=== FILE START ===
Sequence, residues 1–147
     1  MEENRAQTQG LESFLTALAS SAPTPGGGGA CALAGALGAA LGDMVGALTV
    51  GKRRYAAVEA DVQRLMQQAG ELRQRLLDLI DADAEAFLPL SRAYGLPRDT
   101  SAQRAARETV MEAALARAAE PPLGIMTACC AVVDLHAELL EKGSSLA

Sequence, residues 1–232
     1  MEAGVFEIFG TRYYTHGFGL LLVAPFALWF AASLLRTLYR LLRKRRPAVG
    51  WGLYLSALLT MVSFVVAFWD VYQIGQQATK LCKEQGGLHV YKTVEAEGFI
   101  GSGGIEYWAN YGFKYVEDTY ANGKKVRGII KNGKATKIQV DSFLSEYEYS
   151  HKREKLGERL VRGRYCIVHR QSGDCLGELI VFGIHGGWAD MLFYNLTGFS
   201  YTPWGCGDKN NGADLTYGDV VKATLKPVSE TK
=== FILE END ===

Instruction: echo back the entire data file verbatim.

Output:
Sequence, residues 1–147
     1  MEENRAQTQG LESFLTALAS SAPTPGGGGA CALAGALGAA LGDMVGALTV
    51  GKRRYAAVEA DVQRLMQQAG ELRQRLLDLI DADAEAFLPL SRAYGLPRDT
   101  SAQRAARETV MEAALARAAE PPLGIMTACC AVVDLHAELL EKGSSLA

Sequence, residues 1–232
     1  MEAGVFEIFG TRYYTHGFGL LLVAPFALWF AASLLRTLYR LLRKRRPAVG
    51  WGLYLSALLT MVSFVVAFWD VYQIGQQATK LCKEQGGLHV YKTVEAEGFI
   101  GSGGIEYWAN YGFKYVEDTY ANGKKVRGII KNGKATKIQV DSFLSEYEYS
   151  HKREKLGERL VRGRYCIVHR QSGDCLGELI VFGIHGGWAD MLFYNLTGFS
   201  YTPWGCGDKN NGADLTYGDV VKATLKPVSE TK